I'm looking for a good book on Object Oriented programming theory

in General Discussion edited January 2014
I've been trying on and off for the past year or so to get the basics of Cococa down, but I've been having some problems with understanding some of the OO concepts, such as accessor methods and creating new class methods, etc and the web tutorials I've seen have mostly just breezed through the concepts.

"Learning Cocoa With Objective C" really doesn't spend that much time on a lot of the more basic stuff and somehow assumes a paragraph is enough to completely understand everything.

Can anyone offer any suggestions as to what books would be best suited to a beginner who really wants to learn the basics before he gets into bad programming habits?


  • Reply 1 of 7
    cubedudecubedude Posts: 1,556member

    Cocoa in a Nutshell

    Its an Orielly book.
  • Reply 2 of 7
    Objective-C is very much influenced by Smalltalk. Check out "Smalltalk Best Practice Patterns" by Kent Beck to learn good programming style.
  • Reply 3 of 7
    scottscott Posts: 7,431member
    If I'm not mistaken Stroustrup is the father of C++ and one of the originators of OO techniques as it's used today. His books are loaded with OO theory.
  • Reply 4 of 7
    gspottergspotter Posts: 342member
    Another classic is "Design Patterns" by Gamma et. al.
  • Reply 5 of 7
    I don't want to be negative but I'm going to start by shooting down the other suggestions in this thread.

    Cocoa in a Nutshell, like all the others in O'Reilly's Nutshell series, is a reference manual for APIs and such like. Definately not the place to learn concepts such as Object-Orientation.

    Obj-C *is* heavily based on Smalltalk, Patterns *are* cool, and Kent Beck is some kind of programming *god* but I still wouldn't start there as it is aimed at advanced practicioners of a different language that isn't very popular despite its extensive influence.

    C++ is in many ways the work of satan and should be avoided by all who value their sanity. In particular it is viewed as a perverse aberration by many fans of 'pure' object-orientation. More generally, buying the book by the guy who designed the language is a classic mistake for beginners, as he (or she) could not be further from your position as a beginner approaching the language for the first time.

    Design Patterns *is* a classic. But it is also a turgid, dry, academic read which is why most programmers, even those who warmly cite it's name, have never read it and don't intend to either. Also, most of it's examples are in C++.

    On a more positive/constructive note:

    O'reilly has a book called Head First Java that approaches learning object-orientation by applying various theories of how people actually learn. You can read about the approach, and sample chapters to see if it is for you at the following site:


    For those wondering about the inconsistancy of warning off a Smalltalk book and then recommending a Java one, I'll note that although Java *looks* a lot like C++, it stole much more of its style from Obj-C.

    Another Java book which you probably might like if you want to avoid "bad habits" is Java Extreme Programming Cookbook or any other similar title that takes you through the use of Ant, CVS (or similar source control e.g. Subversion) and particularly the JUnit, unit-testing framework.


    Unit-testing -- which is totally language agnostic, see http://c2.com/cgi/wiki?JavaUnitClones -- is, in my opinion, the number one tool for ensuring adherence to object oriented principles since it encourages you to test your classes as stand alone units with defined functionality.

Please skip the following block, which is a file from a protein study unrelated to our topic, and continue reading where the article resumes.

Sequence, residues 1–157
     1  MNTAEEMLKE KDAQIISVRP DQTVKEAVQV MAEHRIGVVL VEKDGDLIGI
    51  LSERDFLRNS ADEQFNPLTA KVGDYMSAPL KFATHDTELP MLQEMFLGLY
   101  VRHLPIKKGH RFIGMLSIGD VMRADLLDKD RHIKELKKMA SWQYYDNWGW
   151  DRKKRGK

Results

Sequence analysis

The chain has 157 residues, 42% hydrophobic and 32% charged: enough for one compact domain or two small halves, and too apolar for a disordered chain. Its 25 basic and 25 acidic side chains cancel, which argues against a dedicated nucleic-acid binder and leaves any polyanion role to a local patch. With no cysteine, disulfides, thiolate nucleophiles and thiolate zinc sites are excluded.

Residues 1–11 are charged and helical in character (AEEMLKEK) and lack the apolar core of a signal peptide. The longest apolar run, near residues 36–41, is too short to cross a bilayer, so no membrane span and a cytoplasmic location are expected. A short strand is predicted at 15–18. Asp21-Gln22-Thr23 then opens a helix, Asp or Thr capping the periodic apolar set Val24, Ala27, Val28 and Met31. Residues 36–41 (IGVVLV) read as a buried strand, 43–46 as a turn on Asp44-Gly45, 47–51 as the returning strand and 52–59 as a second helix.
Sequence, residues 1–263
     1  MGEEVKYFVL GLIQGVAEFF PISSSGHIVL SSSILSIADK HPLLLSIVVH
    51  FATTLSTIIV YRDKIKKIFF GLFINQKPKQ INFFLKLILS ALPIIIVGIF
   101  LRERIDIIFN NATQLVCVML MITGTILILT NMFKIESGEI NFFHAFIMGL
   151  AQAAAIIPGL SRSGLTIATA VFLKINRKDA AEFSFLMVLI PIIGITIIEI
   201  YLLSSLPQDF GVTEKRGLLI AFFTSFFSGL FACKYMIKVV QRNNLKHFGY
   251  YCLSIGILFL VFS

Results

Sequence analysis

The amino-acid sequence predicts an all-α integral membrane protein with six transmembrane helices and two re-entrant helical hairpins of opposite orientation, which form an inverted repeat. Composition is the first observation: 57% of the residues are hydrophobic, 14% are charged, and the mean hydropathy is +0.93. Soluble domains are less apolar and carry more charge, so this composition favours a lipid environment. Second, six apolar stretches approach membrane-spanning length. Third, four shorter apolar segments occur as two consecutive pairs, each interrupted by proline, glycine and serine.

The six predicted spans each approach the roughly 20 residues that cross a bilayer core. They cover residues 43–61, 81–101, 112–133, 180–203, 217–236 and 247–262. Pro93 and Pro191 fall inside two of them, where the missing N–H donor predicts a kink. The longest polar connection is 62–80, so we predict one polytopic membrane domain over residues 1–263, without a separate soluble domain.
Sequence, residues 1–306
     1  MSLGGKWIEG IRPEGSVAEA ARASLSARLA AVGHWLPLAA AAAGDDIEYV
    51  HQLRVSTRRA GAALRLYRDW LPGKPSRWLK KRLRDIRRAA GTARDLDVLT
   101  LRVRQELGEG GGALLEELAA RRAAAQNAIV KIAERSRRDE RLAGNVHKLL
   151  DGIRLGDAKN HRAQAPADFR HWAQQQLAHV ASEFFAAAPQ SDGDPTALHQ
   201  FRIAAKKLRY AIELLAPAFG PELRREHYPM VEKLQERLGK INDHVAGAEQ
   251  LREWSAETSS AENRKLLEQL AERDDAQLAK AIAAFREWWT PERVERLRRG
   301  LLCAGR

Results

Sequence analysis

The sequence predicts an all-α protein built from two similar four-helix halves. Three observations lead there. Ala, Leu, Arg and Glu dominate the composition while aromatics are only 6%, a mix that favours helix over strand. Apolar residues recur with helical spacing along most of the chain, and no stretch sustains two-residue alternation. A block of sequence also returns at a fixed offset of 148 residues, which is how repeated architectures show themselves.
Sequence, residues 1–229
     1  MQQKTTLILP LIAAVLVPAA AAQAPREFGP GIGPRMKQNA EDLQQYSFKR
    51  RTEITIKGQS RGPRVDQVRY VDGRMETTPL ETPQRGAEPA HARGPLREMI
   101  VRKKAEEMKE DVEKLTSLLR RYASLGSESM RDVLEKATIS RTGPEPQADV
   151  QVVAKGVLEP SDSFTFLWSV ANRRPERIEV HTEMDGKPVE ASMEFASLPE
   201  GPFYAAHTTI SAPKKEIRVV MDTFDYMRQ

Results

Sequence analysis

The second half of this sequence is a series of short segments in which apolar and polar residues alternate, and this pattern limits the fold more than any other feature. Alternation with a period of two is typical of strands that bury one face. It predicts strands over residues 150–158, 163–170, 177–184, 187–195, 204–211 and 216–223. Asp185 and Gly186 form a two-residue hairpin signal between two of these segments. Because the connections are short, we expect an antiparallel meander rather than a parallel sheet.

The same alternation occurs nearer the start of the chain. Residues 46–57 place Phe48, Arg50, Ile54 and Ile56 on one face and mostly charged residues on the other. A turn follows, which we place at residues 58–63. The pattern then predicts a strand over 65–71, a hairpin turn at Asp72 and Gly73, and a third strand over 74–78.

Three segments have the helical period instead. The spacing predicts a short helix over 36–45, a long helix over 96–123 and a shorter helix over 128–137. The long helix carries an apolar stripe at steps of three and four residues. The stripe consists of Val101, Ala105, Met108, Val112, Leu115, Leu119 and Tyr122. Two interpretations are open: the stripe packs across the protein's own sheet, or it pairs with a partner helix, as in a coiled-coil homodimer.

Once you have that mastered you can build on the unit-testing foundation with refactoring. See the following link for a taster of Martin Fowler's excellent book on the subject. It is a much better introduction to patterns than the Desing Patterns book itself.

  • Reply 6 of 7
    airslufairsluf Posts: 1,861member
    Kickaha and Amorph couldn't moderate themselves out of a paper bag. Abdicate responsibility and succumb to idiocy. Two years of letting a member make personal attacks against others, then stepping aside when someone won't put up with it. Not only that but go ahead and shut down my posting priviledges but not the one making the attacks. Not even the common decency to abide by their warning (afer three days of absorbing personal attacks with no mods in sight), just shut my posting down and then say it might happen later if a certian line is crossed. Bullshit flag is flying, I won't abide by lying and coddling of liars who go off-site, create accounts differing in a single letter from my handle with the express purpose to decieve and then claim here that I did it. Everyone be warned, kim kap sol is a lying, deceitful poster.

    Now I guess they should have banned me rather than just shut off posting priviledges, because kickaha and Amorph definitely aren't going to like being called to task when they thought they had it all ignored *cough* *cough* I mean under control. Just a couple o' tools.

    Don't worry, as soon as my work resetting my posts is done I'll disappear forever.
  • Reply 7 of 7

    Originally posted by stupider...likeafox

    For those wondering about the inconsistancy of warning off a Smalltalk book and then recommending a Java one, I'll note that although Java *looks* a lot like C++, it stole much more of its style from Obj-C.

    You had some good points about my recommendations. I never programmed in Objective-C, but I earned my money by programming Smalltalk for nearly ten years. So when I see something like this:



    [myRect display];


    [myRect setOrigin:30.0 :50.0];


    [myRect setWidth:10.0 height:15.0];

    this looks much more like Smalltalk than Java to me...
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